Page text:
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Music: Play Long Gone, Music Lingers On

By Frank Behrens
ART TIMES May/ June 2011



Often a composer was commissioned to provide a score of “incidental” music for a play. And often the score would become far more popular than the play itself. For example, millions have heard Grieg’s music to Ibsen’s “Peer Gynt” without having read a single line from the play. The ratio might decrease with Mendelssohn’s incidental music for Shakespeare’s “A Midsummer Night’s Dream,” and I dare say that the most ardent lovers of Bizet’s incidental music to Daudet’s “L’Arlesienne” might be entirely unaware that such a play exists.

Alphonse Daudet was a French author, best known today for his “Lettres de mon moulin” (Letters from my mill), which appeared in 1872. Part of that collection was a novel titled “L’Arlesienne” (The girl from Arles). It was good enough to attract the attention of an impresario who commissioned Daudet to turn the novel into a play, which was to contain three acts and five tableaux with music and chorus.

For a composer, they turned to George Bizet, who was delighted to work with such an esteemed author and provided 27 miniatures, many of which are minor masterpieces of that genre. There are some recordings of the complete score (some of which unwisely add lines of dialogue that seriously interfere with the music), the best of which in my opinion is the EMI CD with Michel Plasson conducting.

Warsaw Concerto


As for the play itself, it is distinguished only by the titular female never appearing in the course of the action! In Provence, there are two brothers, one of whom is a simpleton; the other is obsessed with a girl from Arles. The latter cannot cope with learning that she has been “unfaithful” and leaps from a high window to end the play. After being shown to 21 nearly empty houses, the play folded. Happily, Bizet’s music lived on.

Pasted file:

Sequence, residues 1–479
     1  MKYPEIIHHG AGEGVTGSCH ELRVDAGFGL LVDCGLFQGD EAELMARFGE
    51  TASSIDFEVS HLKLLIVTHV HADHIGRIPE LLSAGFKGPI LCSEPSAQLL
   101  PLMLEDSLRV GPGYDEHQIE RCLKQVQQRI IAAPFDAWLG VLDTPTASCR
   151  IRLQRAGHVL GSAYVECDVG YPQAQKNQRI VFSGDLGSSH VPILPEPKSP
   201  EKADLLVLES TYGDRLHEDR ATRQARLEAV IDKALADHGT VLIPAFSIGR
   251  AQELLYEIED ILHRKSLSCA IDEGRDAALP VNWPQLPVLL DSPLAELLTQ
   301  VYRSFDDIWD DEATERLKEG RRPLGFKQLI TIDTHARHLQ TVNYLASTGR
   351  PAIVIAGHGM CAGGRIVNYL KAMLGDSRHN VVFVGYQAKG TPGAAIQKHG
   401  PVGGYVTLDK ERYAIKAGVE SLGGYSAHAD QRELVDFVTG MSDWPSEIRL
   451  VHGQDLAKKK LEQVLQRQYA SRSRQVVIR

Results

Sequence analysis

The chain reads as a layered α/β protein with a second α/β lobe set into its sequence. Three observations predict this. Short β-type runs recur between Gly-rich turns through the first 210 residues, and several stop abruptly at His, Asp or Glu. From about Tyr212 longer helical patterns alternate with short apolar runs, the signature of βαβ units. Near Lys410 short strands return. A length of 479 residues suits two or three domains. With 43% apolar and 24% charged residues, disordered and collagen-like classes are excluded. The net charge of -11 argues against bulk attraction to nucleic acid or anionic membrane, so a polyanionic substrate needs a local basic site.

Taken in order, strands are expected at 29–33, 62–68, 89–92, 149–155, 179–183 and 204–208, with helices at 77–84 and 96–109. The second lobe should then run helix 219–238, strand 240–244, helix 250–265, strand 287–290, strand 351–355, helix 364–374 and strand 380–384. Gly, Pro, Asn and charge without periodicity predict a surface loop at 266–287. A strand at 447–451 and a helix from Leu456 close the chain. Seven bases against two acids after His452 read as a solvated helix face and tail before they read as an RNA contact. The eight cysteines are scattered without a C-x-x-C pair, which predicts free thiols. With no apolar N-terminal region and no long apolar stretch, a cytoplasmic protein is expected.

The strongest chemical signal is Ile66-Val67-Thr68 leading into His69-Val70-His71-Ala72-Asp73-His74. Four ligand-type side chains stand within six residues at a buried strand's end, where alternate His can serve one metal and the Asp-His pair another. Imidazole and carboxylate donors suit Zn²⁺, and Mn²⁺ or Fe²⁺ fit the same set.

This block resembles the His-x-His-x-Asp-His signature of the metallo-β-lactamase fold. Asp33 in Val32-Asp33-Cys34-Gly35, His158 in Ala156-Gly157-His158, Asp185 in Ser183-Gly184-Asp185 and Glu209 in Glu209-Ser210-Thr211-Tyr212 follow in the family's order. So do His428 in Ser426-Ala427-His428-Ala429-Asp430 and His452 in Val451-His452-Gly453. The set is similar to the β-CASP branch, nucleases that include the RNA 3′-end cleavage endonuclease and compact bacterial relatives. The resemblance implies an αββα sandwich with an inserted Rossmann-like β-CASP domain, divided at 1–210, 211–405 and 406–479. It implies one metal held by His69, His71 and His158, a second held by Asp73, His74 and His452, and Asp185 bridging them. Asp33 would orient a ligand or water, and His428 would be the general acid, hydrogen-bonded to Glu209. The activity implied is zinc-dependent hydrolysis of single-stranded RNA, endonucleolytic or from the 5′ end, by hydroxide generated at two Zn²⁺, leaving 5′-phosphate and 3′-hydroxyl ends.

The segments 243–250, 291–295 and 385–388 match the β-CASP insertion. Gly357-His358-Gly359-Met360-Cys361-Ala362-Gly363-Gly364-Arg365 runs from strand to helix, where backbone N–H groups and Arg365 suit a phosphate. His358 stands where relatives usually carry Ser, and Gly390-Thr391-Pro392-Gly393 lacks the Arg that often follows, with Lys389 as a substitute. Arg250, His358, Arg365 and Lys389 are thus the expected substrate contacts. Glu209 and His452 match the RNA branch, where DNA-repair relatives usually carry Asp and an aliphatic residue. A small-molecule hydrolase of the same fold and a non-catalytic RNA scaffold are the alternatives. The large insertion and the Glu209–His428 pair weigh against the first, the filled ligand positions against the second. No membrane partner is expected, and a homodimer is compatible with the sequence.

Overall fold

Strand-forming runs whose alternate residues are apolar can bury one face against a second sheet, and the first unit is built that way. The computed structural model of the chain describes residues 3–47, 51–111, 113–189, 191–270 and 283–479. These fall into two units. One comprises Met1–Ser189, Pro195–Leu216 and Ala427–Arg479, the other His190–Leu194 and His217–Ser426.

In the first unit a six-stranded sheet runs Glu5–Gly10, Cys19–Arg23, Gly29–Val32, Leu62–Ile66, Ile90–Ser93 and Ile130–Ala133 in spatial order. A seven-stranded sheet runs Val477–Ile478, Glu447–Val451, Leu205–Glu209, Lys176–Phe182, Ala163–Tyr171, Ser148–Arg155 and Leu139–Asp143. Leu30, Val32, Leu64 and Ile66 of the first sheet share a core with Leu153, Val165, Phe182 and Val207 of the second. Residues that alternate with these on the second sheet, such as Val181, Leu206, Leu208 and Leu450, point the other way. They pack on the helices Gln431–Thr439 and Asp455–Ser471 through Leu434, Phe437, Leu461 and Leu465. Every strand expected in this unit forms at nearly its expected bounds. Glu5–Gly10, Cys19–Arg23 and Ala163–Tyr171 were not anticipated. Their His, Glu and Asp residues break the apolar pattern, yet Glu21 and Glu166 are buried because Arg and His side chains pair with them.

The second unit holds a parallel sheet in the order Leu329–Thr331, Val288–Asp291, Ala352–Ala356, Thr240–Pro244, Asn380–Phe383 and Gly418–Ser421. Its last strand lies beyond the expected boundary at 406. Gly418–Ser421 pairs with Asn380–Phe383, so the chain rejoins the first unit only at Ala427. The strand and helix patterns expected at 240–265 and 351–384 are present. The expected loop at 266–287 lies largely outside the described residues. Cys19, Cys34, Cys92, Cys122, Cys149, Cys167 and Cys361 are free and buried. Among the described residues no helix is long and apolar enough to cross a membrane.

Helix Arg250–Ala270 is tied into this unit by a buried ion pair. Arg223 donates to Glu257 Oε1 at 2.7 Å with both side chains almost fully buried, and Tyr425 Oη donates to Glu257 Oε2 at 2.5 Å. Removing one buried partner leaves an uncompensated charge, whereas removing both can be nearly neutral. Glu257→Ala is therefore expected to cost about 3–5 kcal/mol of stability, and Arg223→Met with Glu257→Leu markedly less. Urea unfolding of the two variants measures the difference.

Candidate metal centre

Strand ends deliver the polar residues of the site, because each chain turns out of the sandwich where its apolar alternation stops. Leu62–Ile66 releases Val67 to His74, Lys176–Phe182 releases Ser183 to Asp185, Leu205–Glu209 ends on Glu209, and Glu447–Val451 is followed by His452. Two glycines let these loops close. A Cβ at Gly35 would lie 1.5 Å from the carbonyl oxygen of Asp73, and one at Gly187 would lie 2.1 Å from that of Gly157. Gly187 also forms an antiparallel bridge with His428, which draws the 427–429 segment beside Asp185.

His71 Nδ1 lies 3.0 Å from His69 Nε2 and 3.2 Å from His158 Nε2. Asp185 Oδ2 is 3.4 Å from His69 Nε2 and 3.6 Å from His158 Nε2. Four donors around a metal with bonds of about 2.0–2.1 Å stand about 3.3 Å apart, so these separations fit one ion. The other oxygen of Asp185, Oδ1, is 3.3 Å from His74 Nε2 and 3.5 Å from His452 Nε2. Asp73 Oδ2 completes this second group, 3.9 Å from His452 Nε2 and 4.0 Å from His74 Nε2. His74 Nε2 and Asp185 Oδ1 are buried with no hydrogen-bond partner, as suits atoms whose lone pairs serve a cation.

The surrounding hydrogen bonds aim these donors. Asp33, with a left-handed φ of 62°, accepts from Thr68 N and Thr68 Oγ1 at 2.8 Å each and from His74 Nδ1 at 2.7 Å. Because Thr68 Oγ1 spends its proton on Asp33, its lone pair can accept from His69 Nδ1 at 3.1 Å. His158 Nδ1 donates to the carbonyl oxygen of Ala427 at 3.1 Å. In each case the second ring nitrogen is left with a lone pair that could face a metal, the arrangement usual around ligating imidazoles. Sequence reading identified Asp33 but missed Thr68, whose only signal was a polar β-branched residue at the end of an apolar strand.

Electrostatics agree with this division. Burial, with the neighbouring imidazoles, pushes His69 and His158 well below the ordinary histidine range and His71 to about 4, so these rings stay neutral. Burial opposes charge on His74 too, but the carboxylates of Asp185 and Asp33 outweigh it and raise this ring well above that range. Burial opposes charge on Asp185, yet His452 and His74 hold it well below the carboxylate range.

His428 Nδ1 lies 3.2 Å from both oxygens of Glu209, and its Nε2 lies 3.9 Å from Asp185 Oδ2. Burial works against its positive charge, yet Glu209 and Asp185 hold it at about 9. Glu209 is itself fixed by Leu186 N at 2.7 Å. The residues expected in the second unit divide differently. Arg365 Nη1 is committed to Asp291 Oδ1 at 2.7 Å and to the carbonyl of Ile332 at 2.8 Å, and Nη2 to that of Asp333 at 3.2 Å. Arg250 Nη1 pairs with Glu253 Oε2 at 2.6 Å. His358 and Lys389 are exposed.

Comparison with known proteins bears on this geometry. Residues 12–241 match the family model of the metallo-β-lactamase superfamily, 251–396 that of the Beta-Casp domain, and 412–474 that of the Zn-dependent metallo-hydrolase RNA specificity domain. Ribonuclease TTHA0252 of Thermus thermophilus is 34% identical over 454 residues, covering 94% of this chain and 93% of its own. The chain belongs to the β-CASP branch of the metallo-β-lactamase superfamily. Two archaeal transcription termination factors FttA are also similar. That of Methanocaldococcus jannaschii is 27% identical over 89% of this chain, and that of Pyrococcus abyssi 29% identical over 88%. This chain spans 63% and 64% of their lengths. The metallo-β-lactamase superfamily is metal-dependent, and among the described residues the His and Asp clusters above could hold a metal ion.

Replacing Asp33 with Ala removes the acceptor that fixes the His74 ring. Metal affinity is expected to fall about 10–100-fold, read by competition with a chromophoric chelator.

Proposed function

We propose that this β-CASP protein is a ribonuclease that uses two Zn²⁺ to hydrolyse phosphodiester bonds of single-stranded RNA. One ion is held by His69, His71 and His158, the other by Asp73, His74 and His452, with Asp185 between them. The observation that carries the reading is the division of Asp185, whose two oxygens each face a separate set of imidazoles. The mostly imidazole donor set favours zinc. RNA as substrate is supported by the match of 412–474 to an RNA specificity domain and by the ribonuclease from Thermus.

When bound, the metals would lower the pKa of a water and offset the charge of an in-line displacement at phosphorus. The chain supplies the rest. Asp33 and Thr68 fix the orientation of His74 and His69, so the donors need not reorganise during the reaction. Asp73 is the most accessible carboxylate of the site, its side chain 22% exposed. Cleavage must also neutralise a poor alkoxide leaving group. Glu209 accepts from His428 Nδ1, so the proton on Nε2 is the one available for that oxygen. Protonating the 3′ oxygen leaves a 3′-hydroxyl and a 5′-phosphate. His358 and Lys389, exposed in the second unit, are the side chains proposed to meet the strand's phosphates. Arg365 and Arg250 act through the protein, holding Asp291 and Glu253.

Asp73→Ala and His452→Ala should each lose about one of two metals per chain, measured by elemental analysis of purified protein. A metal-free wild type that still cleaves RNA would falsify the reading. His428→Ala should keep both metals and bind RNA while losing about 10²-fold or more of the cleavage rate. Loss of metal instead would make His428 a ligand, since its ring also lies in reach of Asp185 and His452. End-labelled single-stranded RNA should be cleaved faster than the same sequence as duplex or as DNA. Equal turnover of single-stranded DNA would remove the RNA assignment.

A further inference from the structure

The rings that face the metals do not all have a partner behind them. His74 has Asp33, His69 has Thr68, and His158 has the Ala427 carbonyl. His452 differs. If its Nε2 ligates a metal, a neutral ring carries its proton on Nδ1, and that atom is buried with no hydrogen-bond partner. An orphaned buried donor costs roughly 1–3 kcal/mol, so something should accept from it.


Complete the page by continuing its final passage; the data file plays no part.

It is mostly played in a four-part suite arranged by Bizet himself and in a second suite arranged by Bizet’s pupil Ernest Guiraud (who also reset the spoken dialogue of “Carmen” to recitative form, so it could play as a through-sung work at the Opera).

Quite some time ago, I heard an opera by Francesco Cilea titled “L’arlesiana,” which follows Daudet’s play fairly closely. It is pleasant enough, but the music will never eclipse that of Bizet.

Franz Schubert was also asked to compose the incidental music for a play that not only was a failure but all copies of which have been lost! The play by Helmina von Chezy was called “Rosamunde, Furstin von Zypern” (Rosamonda, Princess of Cypress). The music too was lost. Lost that is until two gentlemen named George Grove and Arthur Sullivan hunted in basements and attics to restore to the world so much of Schubert’s music, among which was his Rosamunde score.

The overture has become a familiar concert favorite, although the entire incidental music is seldom played. There are, however, several recordings of the complete score. How interesting, though, it would be to have the play available also, as poor as it might have been.

This discussion can be extended to film scores. In the case of “Laura,” the film is still shown frequently on television and its haunting theme song also turns up on CD collections of music from the cinema. But what about “The Warsaw Concerto”? How many who still recall that melody can place it in the context of its film and even name the composer? (See below for answer.)

An interesting specialized collection can be found on an old Naxos CD, titled “Warsaw Concerto and other Piano Concertos from the Movies.” It includes nine examples of piano concertos heard in films either as background music or played by one of the characters as part of the plot. They range from interesting to quite lovely, and each can exist as absolute music with no reference to the films for which they were composed.

Again, I ask my readers if they can think of further examples of music that has outlived its play or film.

Oh, as for “Warsaw Concerto,” it was heard in the 1941 film “Dangerous Moonlight,” the story of a concert pianist who does his bit during World War II. The composer is Richard Addinsell.